Honor Flight Network Experience
World War II was a dark time for our country. Our very existence as a free nation was threatened. At the end of the war more than 400,000 of our military had given their lives in order to preserve our freedom. Many more came home with scars that would never heal – both physical and emotional, but they returned to their families, picked up their lives, and carried on.
Today, our World War II veterans are dying at a rate of 1,000-1,500 people per day. Most have never seen the memorial in Washington, D.C. that honors their fight for freedom.
Honor Flight Network is a non-profit organization created solely to honor America’s veterans for their sacrifices. Arizona is the 28thstate to set up a hub and is part of the national network. Their goal is to fly as many WWII veterans from Arizona to Washington, D.C. to see their memorial without any cost to the veterans. Priority is given to those who are disabled or terminally ill.
On Wednesday, September 21, I was once again honored and privileged to be a “guardian” and medical support on an Honor Flight with 30 World War II veterans from the Tucson area and approximately 20 guardians.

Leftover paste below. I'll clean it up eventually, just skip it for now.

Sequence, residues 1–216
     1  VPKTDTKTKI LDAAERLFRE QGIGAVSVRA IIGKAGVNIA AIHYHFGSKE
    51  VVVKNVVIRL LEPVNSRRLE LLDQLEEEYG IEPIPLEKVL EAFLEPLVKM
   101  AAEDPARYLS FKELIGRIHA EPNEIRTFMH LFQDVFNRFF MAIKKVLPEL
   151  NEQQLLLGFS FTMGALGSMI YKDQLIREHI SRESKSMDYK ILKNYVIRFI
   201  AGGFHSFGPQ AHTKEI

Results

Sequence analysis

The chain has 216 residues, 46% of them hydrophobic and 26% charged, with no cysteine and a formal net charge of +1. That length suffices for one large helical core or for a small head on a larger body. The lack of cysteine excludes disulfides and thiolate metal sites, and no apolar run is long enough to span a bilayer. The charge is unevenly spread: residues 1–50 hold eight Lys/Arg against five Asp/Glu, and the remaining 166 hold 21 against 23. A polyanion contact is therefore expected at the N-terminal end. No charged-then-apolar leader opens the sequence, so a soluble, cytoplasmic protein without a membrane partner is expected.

|World War II Memorial, Washington, D.C.|
Thursday was a full day with visits to the memorials for World War II, Vietnam, Korea, Iwo Jima, Women in the Military, and Air Force. We also watched with awe the changing of the guard at Arlington Cemetery. I stood at the Korean War Memorial by one veteran with tears in his eyes as he recalled how alone and scared he had been during combat and remembered his fallen comrades. Many others told stories of flying bombing missions or being hit by shrapnel. Memories, once buried, came flooding back. We guardians were there—to listen, offer comfort or just be with them silently.
Everywhere the veterans went they were greeted with applause and cheers, which again brought tears to their eyes – long awaited recognition for their service to our country.
With as many tears that were shed (by all of us) there was just as much laughter and camaraderie. This is my second Honor Flight, and I am again amazed by the strength, determination and passion these folks have, both for life and country. Most are in their late 80s and there were five over 90 years old on the trip. My veteran, the only female, was a WAC and Captain – almost unheard of back then. She will soon be 92.
I am humbly honored to have been in their presence and feel so very fortunate to have taken this walk through history with them. The Greatest Generation? Absolutely. This Honor Flight trip again reminded me why.
For more information on Honor Flight, go to www.honorflightsaz.org.
by Jana Davis, QAPI departmentBack to Articles